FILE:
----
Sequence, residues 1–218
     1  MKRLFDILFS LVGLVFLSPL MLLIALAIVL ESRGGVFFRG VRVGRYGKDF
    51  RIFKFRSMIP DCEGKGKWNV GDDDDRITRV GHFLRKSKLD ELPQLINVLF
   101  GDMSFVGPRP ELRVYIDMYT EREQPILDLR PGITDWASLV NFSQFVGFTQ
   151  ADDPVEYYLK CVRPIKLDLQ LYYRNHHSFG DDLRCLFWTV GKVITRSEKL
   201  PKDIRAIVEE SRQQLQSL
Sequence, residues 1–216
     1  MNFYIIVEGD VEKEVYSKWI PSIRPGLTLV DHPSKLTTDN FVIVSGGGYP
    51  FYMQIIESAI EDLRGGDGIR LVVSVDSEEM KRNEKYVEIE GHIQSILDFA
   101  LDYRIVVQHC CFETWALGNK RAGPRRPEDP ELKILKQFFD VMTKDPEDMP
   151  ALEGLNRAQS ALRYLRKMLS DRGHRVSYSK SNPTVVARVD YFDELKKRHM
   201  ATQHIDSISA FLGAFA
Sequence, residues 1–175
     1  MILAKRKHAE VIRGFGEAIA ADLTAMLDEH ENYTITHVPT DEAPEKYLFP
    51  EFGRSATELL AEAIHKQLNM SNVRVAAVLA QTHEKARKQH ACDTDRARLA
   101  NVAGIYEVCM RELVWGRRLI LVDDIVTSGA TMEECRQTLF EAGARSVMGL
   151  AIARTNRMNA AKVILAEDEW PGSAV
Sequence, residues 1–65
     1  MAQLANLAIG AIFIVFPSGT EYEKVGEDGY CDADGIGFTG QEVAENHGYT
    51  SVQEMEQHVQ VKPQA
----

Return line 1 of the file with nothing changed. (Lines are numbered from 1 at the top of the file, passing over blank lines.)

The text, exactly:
Sequence, residues 1–218